An Introduction to Roller Skiing: Part 1
For cross country skiers, the melting of the snow each Spring is a bit of a sad milestone, marking the end of the Nordic season. Sure, there’s biking and hiking to look forward to, but there is just no warm weather alternative to skiing—or is there?
As cross country skiing was coming into its own as a competitive sport in 1950’s Scandinavia, athletes realized that to maintain peak performance, a way to train during the snowless off-season was necessary. So, the roller ski was invented. Early models were a set of three-wheeled contraptions that would strap to each foot, in which socket would mimic the grip of kick wax on a skier’s classic stride. Since then, as with most 20th century sports inventions, technology has honed the roller ski to a level of precision that mimics closely the feel of the snowy version.
Roller skis today are down from three wheels to two, and can be found in skate or classic models. As with its close relative roller-blading, roller skiing requires a good hard surface underfoot; smooth pavement is ideal. You’ll often see roller skiers, helmet-adorned and striding along the shoulder of a freshly asphalted roadway with poles swinging and smiling wide.
It might be helpful to think of the requirements of roller skiing like those of cycling: helmets and reflective gear are a good idea, and anywhere you can road bike you can more or less roller ski: wide roadways, bike paths, parking lots etc. And just like learning to ride a bike, it is wise to get your roller skiing legs in a place with plenty of space and no cars—vacant parking lots are perfect. The biggest quirk of this hybrid activity that newcomers must figure out is the lack of any sort of brakes.
To start, avoid downhills—flats and climbs (and perhaps the occasional walk back down) will help you gain the confidence and the on-ski agility to slow down and navigate obstacles—so that small hills will become a thrilling treat rather than hairy descent.
With a bit of practice, roller skiing can become not only the perfect off-season counterbalance for winter ski training, but a fun and invigorating workout in its own right. Like skiing, the motions get your whole body involved; and like cycling, the ground you can cover by roller ski can lead to any number of unexpected vistas and new terrains.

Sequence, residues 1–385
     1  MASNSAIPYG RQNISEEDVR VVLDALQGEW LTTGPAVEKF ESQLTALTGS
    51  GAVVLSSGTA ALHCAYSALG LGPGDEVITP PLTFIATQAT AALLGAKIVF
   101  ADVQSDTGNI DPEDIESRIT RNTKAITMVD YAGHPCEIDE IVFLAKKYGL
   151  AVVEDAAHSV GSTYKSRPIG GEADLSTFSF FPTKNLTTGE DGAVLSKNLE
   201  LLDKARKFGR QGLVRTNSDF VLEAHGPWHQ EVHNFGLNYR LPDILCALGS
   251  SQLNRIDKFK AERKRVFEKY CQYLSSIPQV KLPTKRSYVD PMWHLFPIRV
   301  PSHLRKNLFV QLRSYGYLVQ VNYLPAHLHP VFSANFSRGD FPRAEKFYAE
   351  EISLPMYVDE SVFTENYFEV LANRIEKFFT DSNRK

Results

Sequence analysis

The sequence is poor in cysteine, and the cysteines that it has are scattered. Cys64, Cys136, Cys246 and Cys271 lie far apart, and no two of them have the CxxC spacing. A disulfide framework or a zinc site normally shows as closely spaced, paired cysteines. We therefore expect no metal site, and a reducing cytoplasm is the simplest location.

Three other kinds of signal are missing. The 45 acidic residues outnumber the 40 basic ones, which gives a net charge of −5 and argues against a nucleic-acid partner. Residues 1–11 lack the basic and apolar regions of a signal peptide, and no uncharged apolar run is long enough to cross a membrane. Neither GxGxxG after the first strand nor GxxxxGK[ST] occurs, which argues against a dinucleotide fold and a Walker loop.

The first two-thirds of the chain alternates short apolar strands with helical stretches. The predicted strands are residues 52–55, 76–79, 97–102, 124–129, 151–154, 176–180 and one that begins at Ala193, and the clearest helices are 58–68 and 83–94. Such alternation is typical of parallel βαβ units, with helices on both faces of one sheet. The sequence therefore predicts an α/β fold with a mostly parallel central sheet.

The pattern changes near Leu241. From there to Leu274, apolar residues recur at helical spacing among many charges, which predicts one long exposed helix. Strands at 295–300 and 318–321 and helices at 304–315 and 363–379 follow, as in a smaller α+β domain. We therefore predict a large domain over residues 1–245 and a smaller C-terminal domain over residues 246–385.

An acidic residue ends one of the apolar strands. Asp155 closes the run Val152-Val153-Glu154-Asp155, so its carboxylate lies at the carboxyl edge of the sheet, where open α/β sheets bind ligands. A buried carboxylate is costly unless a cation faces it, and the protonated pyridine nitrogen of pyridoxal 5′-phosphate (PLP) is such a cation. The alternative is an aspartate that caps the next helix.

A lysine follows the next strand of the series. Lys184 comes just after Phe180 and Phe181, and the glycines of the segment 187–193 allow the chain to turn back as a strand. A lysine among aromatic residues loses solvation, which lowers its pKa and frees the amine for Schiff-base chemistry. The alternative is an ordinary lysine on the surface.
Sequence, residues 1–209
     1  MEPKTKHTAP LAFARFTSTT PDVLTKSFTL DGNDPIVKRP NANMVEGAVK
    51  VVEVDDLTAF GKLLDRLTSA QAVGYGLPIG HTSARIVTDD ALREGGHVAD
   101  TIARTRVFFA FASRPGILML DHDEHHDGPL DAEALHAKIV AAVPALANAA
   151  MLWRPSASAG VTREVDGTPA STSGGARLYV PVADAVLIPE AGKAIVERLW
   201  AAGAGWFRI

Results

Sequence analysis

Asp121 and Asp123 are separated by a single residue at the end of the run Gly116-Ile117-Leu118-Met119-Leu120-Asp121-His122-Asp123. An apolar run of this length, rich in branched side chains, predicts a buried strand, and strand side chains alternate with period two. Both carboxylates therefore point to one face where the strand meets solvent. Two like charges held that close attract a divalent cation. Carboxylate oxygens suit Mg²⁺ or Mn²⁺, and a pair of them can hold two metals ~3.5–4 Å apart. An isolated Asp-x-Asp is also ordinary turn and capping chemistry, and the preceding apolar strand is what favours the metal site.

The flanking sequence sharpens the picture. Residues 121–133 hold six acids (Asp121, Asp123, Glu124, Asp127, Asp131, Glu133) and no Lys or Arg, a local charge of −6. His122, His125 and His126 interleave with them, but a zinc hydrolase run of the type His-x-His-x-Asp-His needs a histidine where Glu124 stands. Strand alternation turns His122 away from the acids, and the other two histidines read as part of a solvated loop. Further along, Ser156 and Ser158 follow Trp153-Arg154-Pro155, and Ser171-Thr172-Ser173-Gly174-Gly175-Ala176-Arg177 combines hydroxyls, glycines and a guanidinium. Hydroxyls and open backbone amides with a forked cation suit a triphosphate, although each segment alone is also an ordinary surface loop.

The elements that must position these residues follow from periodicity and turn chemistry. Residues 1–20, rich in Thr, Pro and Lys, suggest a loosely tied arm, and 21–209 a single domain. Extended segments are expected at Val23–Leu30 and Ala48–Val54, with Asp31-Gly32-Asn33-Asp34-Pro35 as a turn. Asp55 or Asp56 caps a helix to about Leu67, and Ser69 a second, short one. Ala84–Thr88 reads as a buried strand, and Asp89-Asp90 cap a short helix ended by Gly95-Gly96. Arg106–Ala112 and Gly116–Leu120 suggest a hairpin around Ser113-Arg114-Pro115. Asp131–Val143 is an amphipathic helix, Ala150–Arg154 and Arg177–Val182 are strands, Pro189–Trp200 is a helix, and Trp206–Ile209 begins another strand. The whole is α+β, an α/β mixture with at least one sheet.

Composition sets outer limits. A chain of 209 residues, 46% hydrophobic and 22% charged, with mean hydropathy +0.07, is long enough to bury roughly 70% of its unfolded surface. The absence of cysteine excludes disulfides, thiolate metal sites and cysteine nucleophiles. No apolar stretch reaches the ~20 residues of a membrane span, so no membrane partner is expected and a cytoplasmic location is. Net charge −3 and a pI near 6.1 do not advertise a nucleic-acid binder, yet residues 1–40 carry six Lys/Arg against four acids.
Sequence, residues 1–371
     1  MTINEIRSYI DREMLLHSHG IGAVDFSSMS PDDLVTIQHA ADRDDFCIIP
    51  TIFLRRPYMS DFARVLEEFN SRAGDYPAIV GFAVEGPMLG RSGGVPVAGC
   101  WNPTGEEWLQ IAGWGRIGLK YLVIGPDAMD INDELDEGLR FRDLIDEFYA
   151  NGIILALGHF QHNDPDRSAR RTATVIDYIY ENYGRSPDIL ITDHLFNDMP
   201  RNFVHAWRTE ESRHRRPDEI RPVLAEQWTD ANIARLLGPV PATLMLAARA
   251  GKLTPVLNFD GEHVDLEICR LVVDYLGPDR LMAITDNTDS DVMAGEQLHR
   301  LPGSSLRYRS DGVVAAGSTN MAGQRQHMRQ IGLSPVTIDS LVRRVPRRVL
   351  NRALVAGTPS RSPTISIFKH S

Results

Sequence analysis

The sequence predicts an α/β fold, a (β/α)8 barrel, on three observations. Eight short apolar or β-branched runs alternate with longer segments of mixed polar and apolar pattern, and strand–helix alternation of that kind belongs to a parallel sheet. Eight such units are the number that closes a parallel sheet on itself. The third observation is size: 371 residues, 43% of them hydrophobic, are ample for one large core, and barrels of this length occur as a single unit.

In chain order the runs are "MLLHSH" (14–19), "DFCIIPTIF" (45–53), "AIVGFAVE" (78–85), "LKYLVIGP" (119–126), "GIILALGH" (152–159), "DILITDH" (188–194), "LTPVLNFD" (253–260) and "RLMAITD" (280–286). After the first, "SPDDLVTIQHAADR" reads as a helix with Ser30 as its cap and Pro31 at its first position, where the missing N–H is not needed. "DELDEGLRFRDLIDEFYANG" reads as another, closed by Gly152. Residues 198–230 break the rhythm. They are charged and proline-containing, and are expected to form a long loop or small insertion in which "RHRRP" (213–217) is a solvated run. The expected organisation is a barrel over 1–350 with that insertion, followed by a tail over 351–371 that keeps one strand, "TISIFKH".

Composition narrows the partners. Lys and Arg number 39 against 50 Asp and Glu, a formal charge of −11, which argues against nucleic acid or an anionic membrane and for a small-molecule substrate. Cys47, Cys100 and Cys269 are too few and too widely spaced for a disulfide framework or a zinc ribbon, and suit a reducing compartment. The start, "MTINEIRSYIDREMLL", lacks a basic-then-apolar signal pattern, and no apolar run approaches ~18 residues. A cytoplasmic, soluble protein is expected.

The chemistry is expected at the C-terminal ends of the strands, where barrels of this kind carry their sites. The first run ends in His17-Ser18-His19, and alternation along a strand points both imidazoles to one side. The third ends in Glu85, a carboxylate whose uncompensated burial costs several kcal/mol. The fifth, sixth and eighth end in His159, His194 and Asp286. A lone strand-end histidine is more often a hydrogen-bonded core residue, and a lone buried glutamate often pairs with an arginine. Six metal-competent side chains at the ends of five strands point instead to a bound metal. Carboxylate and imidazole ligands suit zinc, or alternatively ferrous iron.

Check back for the second installment of this introduction to roller skiing, where we’ll get down to the nitty gritties of equipment, technique and route planning. Happy roads!
The following is the roller ski safety protocol.
- Before a skier can share the road, they must be able slow down, stop, and maneuver their skis to avoid hazards. The skier must be comfortable skiing off the road into the dirt or grass when necessary.
- An approved helmet in good condition must be worn at all times while roller skiing.
- Skiers should wear at least one of the following high-visibility articles as a way of alerting drivers:
- Shirt, safety vest, shorts, socks, helmet, water bottle holder.
- Highly-visible bike light that can be seen clearly in bright sunlight.
- Skiers must practice single-file skiing at all times.
- Limit group size. A small, single-file pack of skiers is easier for passing cars to manage than a large group.
- Know the route. Avoid or walk dangerous sections.
- Train during non-peak traffic hours, and avoid holidays and busy weekends when possible.
- Know and abide by driving laws. Use hand signals to indicate direction to both cars and fellow skiers and make eye-contact with drivers at intersections.
- When not skiing (water breaks), all skiers should be off the road. Wheels in the dirt – don’t get hurt.
- Sunglasses or clear lenses are mandatory at all times to prevent poles and debris from damaging the eyes.
- Inspect equipment often. Properly tighten nuts, and inspect wheels, shafts, poles and helmets.